Thursday, November 8, 2012

Fratri (Brothers)

The only known portrait of
Fr. Timothy O'Brien
The validity of the story is questionable, but it’s worth the telling.  When Father John O’Brien was assigned to Lowell, he found the fields quite barren.  He arrived at the height of the Irish famine immigration and the community was split quite literally between social and economic groups.  A lesser man would have fled.  When Father John left Ireland, he knew he had an older sibling already working in the US, but the difference in age and distance probably left gaps between the two brothers.  It is told that on a steamer trip to Boston, Father John spent part of the trip with another cleric.  It wasn’t until Father John was at home at St Patrick’s in Lowell and there was a knock upon the door he realized who his traveling companion was- his own older brother, Father Timothy. 
When he arrived in Lowell in 1852, Father Timothy O’Brien probably knew his days were drawing to a close.  He was aged and tired.  He never even was entered in the Diocesan records as a priest serving for Boston.  His brother needed help.  Father John was known for his outgoing personality and strong will.  Father Timothy was the antithesis.  He was often ill, but still carried out his duties and then some.  Father Timothy took it upon himself to travel along the Merrimack River and say Mass for those who could not travel into Lowell on Sundays.  He would take the carriage all the way to Nashua to say Mass in the homes of Catholics and then return to Lowell.  It was Fathers John, Timothy, and Michael who quietly, in the early morning of July 4, 1853, laid the cornerstone for the present St Patrick Church.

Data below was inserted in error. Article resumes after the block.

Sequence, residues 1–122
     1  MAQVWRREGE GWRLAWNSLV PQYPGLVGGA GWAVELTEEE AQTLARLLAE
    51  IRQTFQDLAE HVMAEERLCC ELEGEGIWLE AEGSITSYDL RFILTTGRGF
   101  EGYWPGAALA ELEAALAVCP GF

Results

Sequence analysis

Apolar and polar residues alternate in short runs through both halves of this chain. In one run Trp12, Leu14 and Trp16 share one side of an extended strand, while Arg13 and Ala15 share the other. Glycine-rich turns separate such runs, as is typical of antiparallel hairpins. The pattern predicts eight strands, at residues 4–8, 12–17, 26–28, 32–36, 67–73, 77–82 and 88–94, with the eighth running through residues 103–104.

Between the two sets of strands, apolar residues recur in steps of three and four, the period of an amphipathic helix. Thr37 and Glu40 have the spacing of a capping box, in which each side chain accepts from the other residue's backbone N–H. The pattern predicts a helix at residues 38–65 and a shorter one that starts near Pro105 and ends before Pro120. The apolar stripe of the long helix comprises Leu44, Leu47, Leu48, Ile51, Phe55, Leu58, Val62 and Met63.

The O’Briens knew that education was needed to improve the state of the Irish.  Father Timothy engaged the Sisters of Notre Dame to open a school for the girls of the Acre in 1852.  He promised them a school house and convent.  When they arrived, they had neither.  Being a man of his word, eventually, he gave the money from his own personal account to build the schoolhouse.  Unfortunately, he died before it was completed.
He did more than provide material goods for the Sisters.  He was also their spiritual director.  It was Father Timothy who personally protected the Sisters during the anti-Catholic visits of certain committees who attempted to force their way into the convent and school in 1854 and 1855.  He put himself between the Sisters and the men who were forcing their way into the convent.  The Sisters’ diaries say it was after this event he began his final illness.  In October of 1855 he went to the Sisters chapel for Benediction of the Blessed Sacrament and exhorted them to remain close to the Blessed Virgin.  A few days later, he was hearing confessions and kept excusing himself.  Finally, he could not return and took to his bed.  Two of the Sisters went to see him to ask his final blessing.
O'Brien monument in 1890
His body lay in state in the church that was only a year old.  Priests from near and far donned their black vestments and took their turns at the altars saying Masses for the deceased while the body lay in repose.  Both the Sisters diaries and local papers spoke of his goodness and how those who attended the funeral openly wept.
His body was carried down the front steps and entombed in the front yard of the church.  Within a year the parish erected a granite monument to his memory.  It would also be the resting place of his bother and nephew, Father John and Father Michael O’Brien.
Note- The present O’Brien monument in front of the church was placed there in the 1950s.  The pastor at that time decided it was not acceptable and had it dismantled.  Parishioners begged him not to do so, but he did not comply.  People begged to bring a piece home; the pastor had it ground into rubble and hauled away.

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